The case of the Wakashio: a step-by-step study of Port State justice and the consequences on human rights

    Criminalisation of the Master and human rights: a solution? 

     

    9. INVESTIGATIONS, EVIDENCE AND SELF-INCRIMINATION

    What is the purpose of an investigation?

    The case of Hoyle v Rogers

    Captain Wolfgang Schröder again

    Gathering evidence and record-keeping

    What is evidence for legal purposes?

    When is evidence unnecessary?

    Presenting evidence to the Court

    The evaluation of evidence

    So, what must the evidence establish?

    Insufficiency of evidence – no case to answer

    In the wake of the Herald: the Marchioness

    Attributing responsibility and blame: comparing shipping and aviation

    The case of the Schiphol prosecution

    A 'Just Culture'

     

     

    10. THE FOUNDATIONS OF SENTENCING: CULPABILITY AND HARM

    Sentencing guidelines

    Culpability

    Harm

    Crime and punishment

    The case of Captain Hoyt of the Azura

    Sentencing in practice: the Herald of Free Enterprise

     

     

    11. OCCUPATIONAL HAZARDS

    Trouble in the Gulf

    Metamorphosis of maritime risk

    The Master’s risk management

    A solution: mediation?

    Piracy and the Master

    Flag State protection? How the Flag State sees it

    The case of the Enrica Lexie

    The unacceptable risk of liability for armed guards

    Summing up the risk

    Problems and solutions: the story of Captain Stapleton of the Teignbank

     

     

    12. COMPULSORY PILOTAGE: WHO TAKES THE BLAME?

    The modern law of compulsory pilotage

    The case of the Sea Empress

    The case of the Cosco Busan

     

     

    13. POLAR RISKS

    Taking UNCLOS to the High Arctic

    The case of Captain Hazelwood of the Exxon Valdez

    The greatest risk: criminalisation for environmental damage

    The elements of the duty of care in the High Arctic

    The Xuelong and the Shokalskiy

    The Russians are coming

    The Master’s accountability – summing up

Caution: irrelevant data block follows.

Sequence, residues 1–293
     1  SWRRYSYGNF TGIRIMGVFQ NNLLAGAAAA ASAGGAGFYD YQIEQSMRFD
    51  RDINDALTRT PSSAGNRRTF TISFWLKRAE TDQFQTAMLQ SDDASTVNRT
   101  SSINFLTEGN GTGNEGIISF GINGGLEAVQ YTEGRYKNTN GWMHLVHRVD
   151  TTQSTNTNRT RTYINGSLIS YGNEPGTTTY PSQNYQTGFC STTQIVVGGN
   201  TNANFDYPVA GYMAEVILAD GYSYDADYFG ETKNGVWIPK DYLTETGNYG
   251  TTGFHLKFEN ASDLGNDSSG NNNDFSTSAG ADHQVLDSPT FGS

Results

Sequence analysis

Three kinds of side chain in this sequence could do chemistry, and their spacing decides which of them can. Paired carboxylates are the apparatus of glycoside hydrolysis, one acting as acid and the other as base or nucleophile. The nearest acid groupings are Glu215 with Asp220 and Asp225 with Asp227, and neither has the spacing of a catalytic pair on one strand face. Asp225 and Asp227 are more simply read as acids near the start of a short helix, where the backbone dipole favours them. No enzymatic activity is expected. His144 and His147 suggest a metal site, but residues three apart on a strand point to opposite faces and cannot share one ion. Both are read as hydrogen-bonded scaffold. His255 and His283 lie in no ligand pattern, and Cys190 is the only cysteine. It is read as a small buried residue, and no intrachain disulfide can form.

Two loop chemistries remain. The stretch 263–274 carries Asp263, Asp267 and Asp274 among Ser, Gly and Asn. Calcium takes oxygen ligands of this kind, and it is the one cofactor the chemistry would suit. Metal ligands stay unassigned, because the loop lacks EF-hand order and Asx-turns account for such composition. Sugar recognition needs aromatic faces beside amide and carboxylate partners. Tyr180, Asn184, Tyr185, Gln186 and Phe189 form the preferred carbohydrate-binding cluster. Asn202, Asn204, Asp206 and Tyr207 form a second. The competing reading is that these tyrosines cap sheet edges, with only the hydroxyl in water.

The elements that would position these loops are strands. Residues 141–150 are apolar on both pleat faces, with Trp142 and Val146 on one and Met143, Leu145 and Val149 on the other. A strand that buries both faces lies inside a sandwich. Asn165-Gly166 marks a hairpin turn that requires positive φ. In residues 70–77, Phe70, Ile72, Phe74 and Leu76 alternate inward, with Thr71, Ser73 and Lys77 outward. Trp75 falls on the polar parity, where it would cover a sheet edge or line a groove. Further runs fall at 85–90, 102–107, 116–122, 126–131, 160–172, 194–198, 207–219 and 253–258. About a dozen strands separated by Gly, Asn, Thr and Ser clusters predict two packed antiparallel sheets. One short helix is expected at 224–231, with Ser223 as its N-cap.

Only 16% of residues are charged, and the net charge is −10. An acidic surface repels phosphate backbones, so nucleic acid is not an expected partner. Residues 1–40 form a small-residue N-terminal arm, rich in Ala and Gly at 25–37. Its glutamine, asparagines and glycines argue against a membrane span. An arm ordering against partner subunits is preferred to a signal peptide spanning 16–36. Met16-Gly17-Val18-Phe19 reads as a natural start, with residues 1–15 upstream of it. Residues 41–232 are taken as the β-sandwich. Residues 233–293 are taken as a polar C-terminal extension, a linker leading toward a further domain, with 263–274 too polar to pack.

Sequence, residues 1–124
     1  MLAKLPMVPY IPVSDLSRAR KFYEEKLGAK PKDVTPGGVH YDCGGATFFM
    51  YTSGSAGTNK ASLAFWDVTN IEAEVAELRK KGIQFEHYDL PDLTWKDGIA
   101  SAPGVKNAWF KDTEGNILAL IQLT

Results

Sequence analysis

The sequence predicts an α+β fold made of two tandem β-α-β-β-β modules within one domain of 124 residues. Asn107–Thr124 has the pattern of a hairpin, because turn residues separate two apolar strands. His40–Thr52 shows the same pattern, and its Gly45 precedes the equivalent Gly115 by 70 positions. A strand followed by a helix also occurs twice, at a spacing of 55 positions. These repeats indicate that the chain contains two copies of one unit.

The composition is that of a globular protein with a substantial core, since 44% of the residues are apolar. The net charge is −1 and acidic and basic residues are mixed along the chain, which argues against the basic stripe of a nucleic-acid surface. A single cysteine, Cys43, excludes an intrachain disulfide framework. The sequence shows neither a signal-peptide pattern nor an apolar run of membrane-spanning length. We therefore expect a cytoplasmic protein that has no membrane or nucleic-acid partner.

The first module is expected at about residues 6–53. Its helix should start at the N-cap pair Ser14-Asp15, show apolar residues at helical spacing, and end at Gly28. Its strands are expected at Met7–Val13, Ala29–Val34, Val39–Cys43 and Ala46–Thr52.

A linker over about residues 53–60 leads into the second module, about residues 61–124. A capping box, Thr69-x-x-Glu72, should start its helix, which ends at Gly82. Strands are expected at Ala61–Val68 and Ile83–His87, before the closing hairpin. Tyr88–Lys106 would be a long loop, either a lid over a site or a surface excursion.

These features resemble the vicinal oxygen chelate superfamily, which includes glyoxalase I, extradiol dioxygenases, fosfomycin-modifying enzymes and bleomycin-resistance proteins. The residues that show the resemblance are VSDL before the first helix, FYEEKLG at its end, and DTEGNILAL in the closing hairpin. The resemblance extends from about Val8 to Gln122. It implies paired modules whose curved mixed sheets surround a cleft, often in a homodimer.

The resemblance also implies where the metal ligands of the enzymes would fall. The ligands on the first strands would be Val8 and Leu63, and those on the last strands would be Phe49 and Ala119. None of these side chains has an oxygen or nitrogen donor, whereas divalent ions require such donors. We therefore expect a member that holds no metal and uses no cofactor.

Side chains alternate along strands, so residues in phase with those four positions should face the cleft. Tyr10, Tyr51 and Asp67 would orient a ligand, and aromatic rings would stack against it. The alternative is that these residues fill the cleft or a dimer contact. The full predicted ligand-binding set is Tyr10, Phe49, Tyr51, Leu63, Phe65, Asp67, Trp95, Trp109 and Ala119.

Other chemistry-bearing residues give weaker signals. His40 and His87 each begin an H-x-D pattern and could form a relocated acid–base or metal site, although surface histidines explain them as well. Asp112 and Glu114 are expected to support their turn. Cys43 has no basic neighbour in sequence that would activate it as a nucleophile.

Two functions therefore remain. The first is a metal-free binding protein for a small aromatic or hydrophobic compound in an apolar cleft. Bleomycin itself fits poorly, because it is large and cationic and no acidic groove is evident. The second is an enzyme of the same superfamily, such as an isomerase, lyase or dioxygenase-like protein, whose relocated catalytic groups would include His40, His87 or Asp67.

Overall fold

14. AUTONOMOUS SHIPS

    The emerging technology

    What is autonomy?

    State responsibilities for ships and the tensions that arise

    The Master’s responsibility for the autonomous ship

    Risk management and responsibility

    The dangerously unsafe ship

    Pilotage

    The safe navigational watch

    The Master’s discretion and the safe port

    Remote management of an emergency

    Summing up – applying criminalisation to autonomous ships

     

    Published:April 2022

     

    The criminalisation of seafarers has been observed as a growing phenomenon for more than forty years, presenting a picture of increasing liability upon the Master even though their responsibilities remain essentially unchanged in generations of maritime law. Because of the demand by society to find someone to blame for environmental and human loss, there is a constant flow of cases, which serve to confirm the phenomenon but offer no solutions to defend the innocent. The structure of the maritime environment in which they work has changed dramatically, as evidenced by the complex evolution of fleet ownership and management, leaving the Master with diminished management influence. This book has been written in a format which meets the needs of lawyers, academics and maritime professionals, with the aim to analyse the character of criminalisation to determine the features which characterise the phenomenon in Port and Flag State contexts; it interrogates the aim to define the nature of criminalisation and identifies the constituent problems in such criminal accountability.

    Each chapter relies heavily on case studies to illustrate how the laws which reflect national policy underpinning those priorities are applied in practice. This structure enables an understanding of the problems in the criminal process, with a view to offering options for solutions. The book is directly relevant to a broad range of parties which includes lawyers, academics, P & I clubs, seafarers, shipowners, managers and agents, and national and international seafaring unions.

     

    Table of Contents

    INTRODUCTION

     

    1. WHAT IS A CRIME?

    The essence of criminal accountability

    Prosecutions and the Master’s human rights

     

     

    2. SOURCES OF LAW

    State sovereignty

    Sovereignty and maritime Conventions

    The case of the Arctic Sunrise

    The enforcement of Conventions in domestic law

    The case of the Gladys Bowater

    The case of Gandara v Bennett: Gladys Bowater confirmed

    Interpreting clear statements in Port State laws

    The case of Spector v Norwegian Cruise Line

    Tensions between sources of laws

    The case of Captain Mangouras of the Prestige